“Line” refers to a position or area on a fencer’s body. Imagine that the torso is bisected both laterally and vertically. There are then four quadrants or sections of the body. “High line” refers to the sections above the lateral line, “low line” are those below.
The quadrants on the chest side of the vertical division are ‘inside line’ and the other two are ‘outside line.’ The upper chest side quadrant is then referred to as ‘inside high line.’
When fencing, the three different weapons that you use have three different strike zones. It’s important to know this as you cannot simply begin flailing at your opponent your first time out; additionally, your object of the bout is to score points, and you’ll only do that by striking in the correct zone.
Only the epee allows you to strike anywhere on your opponent’s body for a point.
Many users of the epee aim for their opponent’s hands or feet, as these are easier targets to hit. Like the foil, the épée is a thrusting weapon; to score a valid hit, the fencer must fix the point of his weapon on his opponent’s target.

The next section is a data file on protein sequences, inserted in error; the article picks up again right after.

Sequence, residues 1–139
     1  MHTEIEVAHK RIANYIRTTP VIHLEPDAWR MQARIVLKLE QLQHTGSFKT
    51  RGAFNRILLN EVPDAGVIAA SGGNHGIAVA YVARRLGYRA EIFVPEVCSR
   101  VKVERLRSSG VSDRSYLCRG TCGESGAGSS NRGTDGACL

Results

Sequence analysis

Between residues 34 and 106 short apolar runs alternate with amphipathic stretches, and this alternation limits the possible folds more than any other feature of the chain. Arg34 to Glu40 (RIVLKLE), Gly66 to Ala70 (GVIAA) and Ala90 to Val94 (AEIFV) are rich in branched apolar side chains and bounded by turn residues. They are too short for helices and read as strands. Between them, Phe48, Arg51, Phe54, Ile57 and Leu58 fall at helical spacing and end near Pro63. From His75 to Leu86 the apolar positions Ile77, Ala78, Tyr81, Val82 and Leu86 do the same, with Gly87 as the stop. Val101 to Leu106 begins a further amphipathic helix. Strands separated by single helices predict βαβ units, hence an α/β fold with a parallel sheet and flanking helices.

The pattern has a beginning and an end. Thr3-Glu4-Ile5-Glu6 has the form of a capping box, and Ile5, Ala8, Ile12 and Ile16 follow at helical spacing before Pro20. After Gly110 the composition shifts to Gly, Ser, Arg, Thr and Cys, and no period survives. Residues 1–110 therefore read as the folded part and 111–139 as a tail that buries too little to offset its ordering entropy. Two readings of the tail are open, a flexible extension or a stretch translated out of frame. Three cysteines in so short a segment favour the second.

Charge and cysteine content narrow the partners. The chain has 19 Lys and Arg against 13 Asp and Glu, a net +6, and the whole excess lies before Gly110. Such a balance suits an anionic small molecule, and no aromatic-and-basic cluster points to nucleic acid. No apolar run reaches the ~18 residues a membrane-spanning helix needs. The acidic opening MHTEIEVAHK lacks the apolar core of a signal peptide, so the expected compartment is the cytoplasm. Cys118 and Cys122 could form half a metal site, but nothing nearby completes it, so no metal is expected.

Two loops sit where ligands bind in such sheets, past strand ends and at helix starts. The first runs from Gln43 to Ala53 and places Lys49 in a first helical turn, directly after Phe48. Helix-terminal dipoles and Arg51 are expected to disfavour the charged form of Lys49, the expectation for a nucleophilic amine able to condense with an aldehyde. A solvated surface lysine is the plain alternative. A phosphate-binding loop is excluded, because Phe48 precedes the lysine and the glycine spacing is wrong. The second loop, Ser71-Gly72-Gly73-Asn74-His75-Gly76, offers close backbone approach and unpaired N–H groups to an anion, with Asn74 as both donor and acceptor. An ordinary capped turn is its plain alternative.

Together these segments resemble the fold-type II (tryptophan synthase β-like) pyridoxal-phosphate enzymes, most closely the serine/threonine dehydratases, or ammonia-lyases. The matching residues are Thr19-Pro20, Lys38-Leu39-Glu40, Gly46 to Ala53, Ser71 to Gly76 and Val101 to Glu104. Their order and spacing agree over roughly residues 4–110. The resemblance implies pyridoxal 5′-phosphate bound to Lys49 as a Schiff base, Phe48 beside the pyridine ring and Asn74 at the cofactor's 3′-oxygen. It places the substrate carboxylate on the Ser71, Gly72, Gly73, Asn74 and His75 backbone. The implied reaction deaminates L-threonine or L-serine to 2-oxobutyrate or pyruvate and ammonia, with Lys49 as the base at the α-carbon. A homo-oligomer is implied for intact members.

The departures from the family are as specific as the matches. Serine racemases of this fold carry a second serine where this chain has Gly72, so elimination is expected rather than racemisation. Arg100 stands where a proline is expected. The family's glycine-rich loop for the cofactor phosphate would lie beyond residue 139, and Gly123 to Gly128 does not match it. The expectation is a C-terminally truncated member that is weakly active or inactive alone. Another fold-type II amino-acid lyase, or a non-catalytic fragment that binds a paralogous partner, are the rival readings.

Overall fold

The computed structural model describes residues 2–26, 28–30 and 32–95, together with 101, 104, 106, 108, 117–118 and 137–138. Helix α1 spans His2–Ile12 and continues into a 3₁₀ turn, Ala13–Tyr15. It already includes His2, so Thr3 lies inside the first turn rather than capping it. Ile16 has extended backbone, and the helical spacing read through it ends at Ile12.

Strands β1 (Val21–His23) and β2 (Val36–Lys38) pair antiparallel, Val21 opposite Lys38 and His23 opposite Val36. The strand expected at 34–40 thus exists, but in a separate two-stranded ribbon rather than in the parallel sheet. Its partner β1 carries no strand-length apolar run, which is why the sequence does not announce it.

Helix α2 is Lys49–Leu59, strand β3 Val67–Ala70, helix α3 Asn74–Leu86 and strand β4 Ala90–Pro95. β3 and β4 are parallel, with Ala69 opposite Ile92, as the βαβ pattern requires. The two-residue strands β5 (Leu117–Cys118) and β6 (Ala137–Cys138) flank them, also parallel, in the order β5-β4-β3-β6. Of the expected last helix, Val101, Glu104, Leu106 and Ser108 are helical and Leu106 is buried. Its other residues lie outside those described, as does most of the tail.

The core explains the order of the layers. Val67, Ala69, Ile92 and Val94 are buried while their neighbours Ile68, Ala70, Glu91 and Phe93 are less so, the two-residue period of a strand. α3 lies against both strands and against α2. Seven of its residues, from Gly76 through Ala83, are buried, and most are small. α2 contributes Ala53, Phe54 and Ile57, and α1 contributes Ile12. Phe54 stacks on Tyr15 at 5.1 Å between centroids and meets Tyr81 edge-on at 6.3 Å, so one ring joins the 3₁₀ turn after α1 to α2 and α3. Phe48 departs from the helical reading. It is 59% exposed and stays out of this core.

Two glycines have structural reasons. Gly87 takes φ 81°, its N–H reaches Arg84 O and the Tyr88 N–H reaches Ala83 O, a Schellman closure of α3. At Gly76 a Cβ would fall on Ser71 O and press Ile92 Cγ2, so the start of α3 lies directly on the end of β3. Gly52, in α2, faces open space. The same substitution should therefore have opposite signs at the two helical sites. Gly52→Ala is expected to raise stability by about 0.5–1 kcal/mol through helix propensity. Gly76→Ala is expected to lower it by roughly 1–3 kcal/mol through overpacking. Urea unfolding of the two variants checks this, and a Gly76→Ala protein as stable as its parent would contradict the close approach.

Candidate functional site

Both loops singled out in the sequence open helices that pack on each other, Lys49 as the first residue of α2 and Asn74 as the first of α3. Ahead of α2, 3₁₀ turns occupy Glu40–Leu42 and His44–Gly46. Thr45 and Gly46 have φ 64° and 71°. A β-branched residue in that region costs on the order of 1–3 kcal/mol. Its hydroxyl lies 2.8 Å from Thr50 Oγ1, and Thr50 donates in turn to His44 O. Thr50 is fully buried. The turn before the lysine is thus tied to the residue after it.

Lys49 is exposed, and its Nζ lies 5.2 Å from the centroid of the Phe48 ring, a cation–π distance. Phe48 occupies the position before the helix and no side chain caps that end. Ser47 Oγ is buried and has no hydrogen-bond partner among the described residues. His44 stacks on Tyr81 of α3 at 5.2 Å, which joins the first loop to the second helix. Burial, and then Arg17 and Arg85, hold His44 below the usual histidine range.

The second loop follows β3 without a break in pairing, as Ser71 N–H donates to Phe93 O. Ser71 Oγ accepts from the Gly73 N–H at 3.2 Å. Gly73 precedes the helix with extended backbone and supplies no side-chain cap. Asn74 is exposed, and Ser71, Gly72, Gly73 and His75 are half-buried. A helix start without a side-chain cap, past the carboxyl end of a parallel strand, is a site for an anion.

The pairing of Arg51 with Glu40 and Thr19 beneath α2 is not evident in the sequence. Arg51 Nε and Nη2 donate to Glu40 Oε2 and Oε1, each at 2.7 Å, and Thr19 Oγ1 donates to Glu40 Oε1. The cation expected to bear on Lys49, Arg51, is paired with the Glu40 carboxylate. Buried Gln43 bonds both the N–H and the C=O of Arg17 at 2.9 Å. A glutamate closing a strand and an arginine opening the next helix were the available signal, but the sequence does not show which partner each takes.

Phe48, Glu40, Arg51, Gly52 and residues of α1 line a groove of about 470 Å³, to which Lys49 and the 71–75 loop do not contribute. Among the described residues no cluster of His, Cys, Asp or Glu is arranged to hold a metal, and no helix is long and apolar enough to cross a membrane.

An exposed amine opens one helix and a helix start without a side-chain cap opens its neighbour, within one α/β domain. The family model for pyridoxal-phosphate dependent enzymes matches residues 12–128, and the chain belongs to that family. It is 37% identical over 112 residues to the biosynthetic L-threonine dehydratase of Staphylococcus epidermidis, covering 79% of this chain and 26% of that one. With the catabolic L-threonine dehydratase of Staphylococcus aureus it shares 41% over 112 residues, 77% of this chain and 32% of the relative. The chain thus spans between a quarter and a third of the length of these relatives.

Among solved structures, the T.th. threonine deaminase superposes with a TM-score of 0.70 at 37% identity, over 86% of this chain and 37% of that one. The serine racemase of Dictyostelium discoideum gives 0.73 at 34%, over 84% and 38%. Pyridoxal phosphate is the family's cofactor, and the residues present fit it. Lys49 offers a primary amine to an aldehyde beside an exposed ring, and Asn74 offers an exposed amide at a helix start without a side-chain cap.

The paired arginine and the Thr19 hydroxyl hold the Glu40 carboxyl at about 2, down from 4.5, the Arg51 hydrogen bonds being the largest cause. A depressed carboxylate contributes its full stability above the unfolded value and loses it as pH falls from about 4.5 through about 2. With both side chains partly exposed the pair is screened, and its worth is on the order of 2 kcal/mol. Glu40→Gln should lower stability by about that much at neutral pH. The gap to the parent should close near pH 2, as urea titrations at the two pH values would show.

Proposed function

The epee is not subject to right of way rules, so whomever hits first scores a point.
For the foil, the strike zone is only your opponent’s torso.
Hits can be scored only by hitting the valid target surface with the point of the weapon in such a manner as would have caused a puncture wound, had the weapon been sharp; in other words, sliding your weapon across the front of the torso would not award you a point. A touch on an off-target area stops the bout but does not score a point.
The original idea behind the foil rules was to encourage the fencers to defend and attack vital areas. This was also to have the combatants fight back and forth between them, concentrating on tactical methods, footwork and blade work.
Because most bouts use electronic scoring machines, and because the foil’s strike zone is the most restrictive, fencers wear a conductive jacket that covers their target area. This way, hits made out of the strike zone are not registered for points.
The sabre target includes everything above the waist, except the opponent’s hands and back of their head or neck.
Because the sabre is considered the “cutting weapon” and would be sharp along the entire blade, not just the tip, any contact between any part of the blade and any part of the target counts as a valid touch and earns a point.
The sabre is also subject to the right of way rules, and typically relies more on footwork to score points or evade an opponent’s strikes.